S(4)=1.00→m(5)/M=6/6=1.00.

When the number of divisions M is set equal to 6, the sum n of the binary comparison results corresponding to one recording pixel may take seven values in the range of 0 to 6, so that the value n/M obtained by dividing the sum n by the number of divisions M can also take seven values of 0/6 to 6/6. Among these seven values 0/6 to 6/6, the two values 3/6 and 4/6 shown by the broken arrows in FIG. 15 are not directly related to the available pixel tone levels S(N). By considering the case where the sum n of the binary comparison results in the recording pixel is equal to 3 or 4, each of these sums is thus related in advance to one of the available pixel tone levels. By way of example, when the sum n of the binary comparison results is equal to 3 or 4, the recording pixel is reproduced by the third pixel tone S(2). In another example, the recording pixel is reproduced by the third pixel tone S(2) when the sum n of the binary comparison results is equal to 3, whereas the recording pixel is reproduced by the fourth pixel tone S(3) when the sum n of the binary comparison results is equal to 4. Mapping of the sum n of the binary comparison results to the available pixel tone S(N) (or mapping of the sum n of the binary comparison results to the available pixel density D(N)) may be varied by rewriting the contents of the density look-up table 62 shown in FIG. 7.

As clearly understood from the example of FIG. 15, it is not necessary that the number of pixel tone levels (N+1) available by the image output unit 200 coincides with the possible number (n+1) of the sum n of the comparison results. The coincidence of these values, however, ascertains smoother reproduction of the tone levels of the image like the example of FIG. 14 discussed above.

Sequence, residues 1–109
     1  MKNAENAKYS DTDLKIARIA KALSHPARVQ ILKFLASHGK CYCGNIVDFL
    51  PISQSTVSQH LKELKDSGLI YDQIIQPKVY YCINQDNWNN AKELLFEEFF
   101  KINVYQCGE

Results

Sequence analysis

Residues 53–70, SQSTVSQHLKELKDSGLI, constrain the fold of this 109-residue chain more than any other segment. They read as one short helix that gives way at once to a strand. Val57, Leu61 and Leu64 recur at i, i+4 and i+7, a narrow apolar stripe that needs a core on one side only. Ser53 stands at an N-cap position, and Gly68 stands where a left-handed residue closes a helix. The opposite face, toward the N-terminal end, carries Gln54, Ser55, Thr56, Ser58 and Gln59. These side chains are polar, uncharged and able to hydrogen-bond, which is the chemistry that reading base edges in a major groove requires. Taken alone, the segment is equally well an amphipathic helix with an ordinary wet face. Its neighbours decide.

FIG. 16A shows a threshold pattern for one halftone dot when the number of divisions M is equal to 6. FIG. 16B shows an example of a halftone dot recorded with this threshold pattern. As shown in FIG. 16A, the area of a substantially square recording pixel PX defined by a bold-line frame is divided into six small divisions DX. One halftone dot area consists of 16 recording pixels PX and thereby includes 96 small divisions DX. In the threshold pattern of FIG. 16A, the threshold values in the range of 0 to 95 are arranged such that they gradually increase from the center of the halftone dot area toward the periphery. In the halftone dot of FIG. 16B, the recording pixels having the sum n of the results of binary comparison with the image signal that is less than 6 are present in the periphery of the recorded halftone dot. FIG. 17 shows the density of each recording pixel included in the halftone dot, which is recorded according to the results of FIG. 16B.

FIG. 18 shows still another example of the relationship between the available pixel tone S(N) and the approximate pixel tone m(N)/M. The following gives the values of the available pixels tone S(N), which depends upon the performance of the image output unit 200, and the difference ΔS between the adjoining pixel tone levels in the example of FIG. 18:

S(0)=0.0;

S(1)=0.2, ΔS=0.2 (=ΔSmin);

S(2)=0.5, ΔS=0.3;

S(3)=0.7, ΔS=0.2 (=ΔSmin); and

S(4)=1.0, ΔS=0.3.

In the example of FIG. 18, the number of divisions M is equal to 10, and the values of the available pixel tone levels S(N) are equal to those of the approximate pixel tone levels m(N)/M. Like this embodiment, it is not necessary that the number of divisions M is the reciprocal of the minimum ΔSmin among the differences ΔS between the available pixel tone levels S(N). The number of divisions M may be selected to make the values of the available pixel tone levels S(N) substantially equal to those of the approximate pixel tone levels m(N)/M (where m(N) denotes integers selected out of the range of 0 to M). In the example of FIG. 18, the number of divisions M (=10) is determined as the reciprocal of the value 0.1, which is the greatest common divisor of the four differences ΔS.